nigerian defence academy
journal of science and engineering (ajse)
A STUDY OF THE TENSILE AND COMPRESSIVE STRENGTHS OF JUTE FIBER REINFORCED CONCRETE
Yusuf Dada Amartey; BilkisuHassanSada and Eunice Folasade Adedibu
This research work was carried out to investigate the behaviour of concrete containing jute fiber of different weight fractions with different curing ages. Tests were carried out on both fresh concrete (slump and compaction factor test) and hardened concrete (compressive and split tensile tests) using different weight fractions of jute fiber at 0, 0.25, 0.5, 0.75, 1.00 and 1.5%; with different curing ages of 3, 7, 14, 21 and 28 days strength. By applying28days curing age strength parameter, the use of 0.5% weight fraction of jute fiber increased slightly the compressive strength of concrete by 10.2% while further increase in the fiber weight fraction reduced the compressive strength when compared with the control at 0%. There was a progressive increase in tensile strength of concrete with an increase in percentage of jute fiber. An average optimum tensile strength value of 68.13% was obtained with fiber content of 0.75%..
AN ASSESSMENT OF A COMPUTER BASED METHOD FOR THE MEASUREMENT OF THE AREA OF SIMPLE LEAVES
Gabriel A. Ajibade, Solomon J. Kazzah and Joseph Appah
The tedious and time consuming classical method of leaf area measurement involving counting of squares over shadowed by the outline of a leaf on graph sheets, was simplified through an Excel program that would accept measurements of the length and breadth of the leaf and convert them into Area of the appropriate component shapes such as triangles, rectangles, semi circles etc best fitting for the leaf and then sum them up to derive the total actual area of the leaf. Results from the computerized leaf area method when compared with that of the manual leaf area method revealed a nonsignificant difference (t = 0.724; 2.571.P>0.5 at 5 df) The computerized method was found to be more economical, saving nearly 61% of the time needed for the manual leaf area calculation. In both area measurement (CV= 87:81) and time taken (CV 40:38), the computerized procedure reflected a marginal advantage in the ability to distinguish peculiarities in the population sampled.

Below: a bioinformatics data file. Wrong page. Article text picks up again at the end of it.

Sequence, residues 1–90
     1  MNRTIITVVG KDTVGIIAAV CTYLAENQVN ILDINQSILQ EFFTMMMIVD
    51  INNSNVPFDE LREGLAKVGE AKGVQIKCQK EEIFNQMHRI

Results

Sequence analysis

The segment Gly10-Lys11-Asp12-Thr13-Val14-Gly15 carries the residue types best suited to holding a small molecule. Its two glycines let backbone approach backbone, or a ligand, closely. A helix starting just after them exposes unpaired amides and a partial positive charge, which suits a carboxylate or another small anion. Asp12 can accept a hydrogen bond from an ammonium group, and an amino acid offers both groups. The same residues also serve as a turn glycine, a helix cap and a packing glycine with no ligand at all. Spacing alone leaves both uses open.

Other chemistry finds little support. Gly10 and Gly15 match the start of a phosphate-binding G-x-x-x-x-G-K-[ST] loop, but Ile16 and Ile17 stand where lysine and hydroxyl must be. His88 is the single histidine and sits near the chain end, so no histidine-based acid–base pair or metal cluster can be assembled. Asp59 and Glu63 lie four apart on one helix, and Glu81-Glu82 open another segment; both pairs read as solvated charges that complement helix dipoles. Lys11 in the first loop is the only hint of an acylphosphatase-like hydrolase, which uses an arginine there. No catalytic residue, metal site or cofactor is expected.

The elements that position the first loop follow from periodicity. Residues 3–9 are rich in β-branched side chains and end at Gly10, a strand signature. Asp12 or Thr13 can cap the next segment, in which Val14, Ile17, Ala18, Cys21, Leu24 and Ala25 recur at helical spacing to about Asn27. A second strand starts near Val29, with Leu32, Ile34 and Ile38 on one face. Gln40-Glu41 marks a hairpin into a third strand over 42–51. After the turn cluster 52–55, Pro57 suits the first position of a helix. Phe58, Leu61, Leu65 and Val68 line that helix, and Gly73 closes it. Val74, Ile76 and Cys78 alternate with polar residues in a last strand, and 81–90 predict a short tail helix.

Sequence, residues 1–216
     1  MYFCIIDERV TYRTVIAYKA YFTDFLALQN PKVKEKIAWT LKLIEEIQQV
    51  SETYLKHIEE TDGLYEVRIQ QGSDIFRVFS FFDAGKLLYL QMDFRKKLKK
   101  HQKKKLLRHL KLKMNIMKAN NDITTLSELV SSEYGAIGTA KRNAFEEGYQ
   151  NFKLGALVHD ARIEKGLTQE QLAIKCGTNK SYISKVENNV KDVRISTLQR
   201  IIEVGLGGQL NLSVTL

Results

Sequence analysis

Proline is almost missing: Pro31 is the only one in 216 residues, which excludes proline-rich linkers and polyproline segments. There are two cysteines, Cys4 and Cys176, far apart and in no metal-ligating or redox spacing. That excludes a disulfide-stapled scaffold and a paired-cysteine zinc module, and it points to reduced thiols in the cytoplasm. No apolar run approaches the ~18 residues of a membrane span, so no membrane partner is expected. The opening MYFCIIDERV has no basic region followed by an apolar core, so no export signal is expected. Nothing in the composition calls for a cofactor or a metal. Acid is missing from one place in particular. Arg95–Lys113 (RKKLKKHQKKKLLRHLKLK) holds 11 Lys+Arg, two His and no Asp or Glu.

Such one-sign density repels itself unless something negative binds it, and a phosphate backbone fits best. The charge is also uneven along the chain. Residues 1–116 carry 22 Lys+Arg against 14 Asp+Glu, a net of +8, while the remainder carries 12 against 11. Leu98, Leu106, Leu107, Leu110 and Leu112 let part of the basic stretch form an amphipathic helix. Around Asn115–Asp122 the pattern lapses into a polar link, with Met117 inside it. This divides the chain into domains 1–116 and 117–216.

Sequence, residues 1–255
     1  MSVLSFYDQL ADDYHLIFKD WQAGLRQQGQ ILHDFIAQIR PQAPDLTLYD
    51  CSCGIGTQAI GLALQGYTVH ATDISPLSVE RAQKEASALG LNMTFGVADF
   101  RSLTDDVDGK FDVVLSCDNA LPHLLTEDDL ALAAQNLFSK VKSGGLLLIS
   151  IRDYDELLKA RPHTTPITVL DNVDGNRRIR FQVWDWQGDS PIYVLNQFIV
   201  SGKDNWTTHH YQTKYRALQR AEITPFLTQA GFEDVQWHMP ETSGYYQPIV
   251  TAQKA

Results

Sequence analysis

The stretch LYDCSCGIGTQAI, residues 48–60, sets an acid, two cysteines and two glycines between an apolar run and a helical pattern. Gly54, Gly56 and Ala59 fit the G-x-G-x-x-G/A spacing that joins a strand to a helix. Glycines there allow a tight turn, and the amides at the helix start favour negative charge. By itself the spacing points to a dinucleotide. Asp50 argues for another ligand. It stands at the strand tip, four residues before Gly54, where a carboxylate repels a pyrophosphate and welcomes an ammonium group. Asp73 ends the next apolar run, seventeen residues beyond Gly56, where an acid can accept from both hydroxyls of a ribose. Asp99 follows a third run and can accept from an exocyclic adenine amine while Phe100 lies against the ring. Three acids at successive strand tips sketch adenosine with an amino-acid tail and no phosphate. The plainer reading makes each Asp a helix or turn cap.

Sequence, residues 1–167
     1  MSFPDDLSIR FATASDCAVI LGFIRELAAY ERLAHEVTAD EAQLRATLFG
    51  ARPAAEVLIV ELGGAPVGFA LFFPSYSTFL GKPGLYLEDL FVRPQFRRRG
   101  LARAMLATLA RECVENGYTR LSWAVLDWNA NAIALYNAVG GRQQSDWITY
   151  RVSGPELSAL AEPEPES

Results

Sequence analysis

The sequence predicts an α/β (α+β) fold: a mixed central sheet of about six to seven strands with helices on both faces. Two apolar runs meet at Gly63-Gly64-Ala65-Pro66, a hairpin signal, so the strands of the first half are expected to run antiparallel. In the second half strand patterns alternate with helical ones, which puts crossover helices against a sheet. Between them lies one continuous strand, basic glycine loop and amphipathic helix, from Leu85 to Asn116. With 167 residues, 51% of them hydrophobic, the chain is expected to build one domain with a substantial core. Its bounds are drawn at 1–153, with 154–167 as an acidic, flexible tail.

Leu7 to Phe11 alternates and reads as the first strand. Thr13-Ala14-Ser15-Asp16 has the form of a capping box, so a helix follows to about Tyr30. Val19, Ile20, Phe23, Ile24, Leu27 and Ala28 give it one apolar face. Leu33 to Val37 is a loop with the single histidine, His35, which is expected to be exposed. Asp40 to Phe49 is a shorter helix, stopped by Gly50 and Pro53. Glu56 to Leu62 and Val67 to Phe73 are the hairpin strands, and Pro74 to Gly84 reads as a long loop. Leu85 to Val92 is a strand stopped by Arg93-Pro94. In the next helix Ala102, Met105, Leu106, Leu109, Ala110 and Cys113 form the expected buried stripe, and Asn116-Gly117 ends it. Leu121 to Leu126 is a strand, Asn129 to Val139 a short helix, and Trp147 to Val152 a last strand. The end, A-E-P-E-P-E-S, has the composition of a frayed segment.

INVESTIGATION OF AGERATUM CONYZOIDES AQUEOUS EXTRACT AS INHIBITOR
FOR HYDROCHLORIC ACID CORROSION OF SX 316 STEEL
Adeyemi, O.O.; Olubomehin O.O and Bello, R.O
The inhibitive effect of the extract of Ageratum conyzoides on corrosion of SX 316 steel in HCl solution was determined using weight loss measurement and galvanostatic polarisation techniques. It was found that the presence of the plant extract reduces markedly the corrosion of steel in acid solution and inhibition efficiency ranged between 94.39 ? 99.15 %. The inhibition efficiency increases as the plant extract concentration was increased. The inhibitive effect of A. conyzoides extract (ACE) was discussed on the basis of adsorption of the components on the metal surface. Negative value of energy of adsorption indicates the spontaneity of the process.
Dynamic Response of Prestressed Tapered Timoshenko Beams to Uniform Partially Distributed Moving Loads
Hamzat Afe Isede and Jacob Abiodun Gbadeyan
The dynamics of a prestressed variable cross-section Timoshenko beam subjected to a moving partially distributed load is investigated. The Finite element method with Lagrange interpolation functions and reduced integration element were used to model the structure. The Newmark numerical method of integration was used to solve the resulting semi-discrete time dependent equations to obtain the desired responses. The effects of the prestress, moving load’s velocity, moving load’s length, and boundary conditions on the dynamic characteristic of the beams were investigated and the results presented graphically.
RELIABILITY ESTIMATE OF STRENGTH CHARACTERISTICS OF BLACK COTTON SOIL PAVEMENT SUB-BASE STABILIZED WITH LOCUST BEAN WASTE ASH AND CEMENT KILN DUST
K. J. Osinubi, G. Moses and J. E. Sani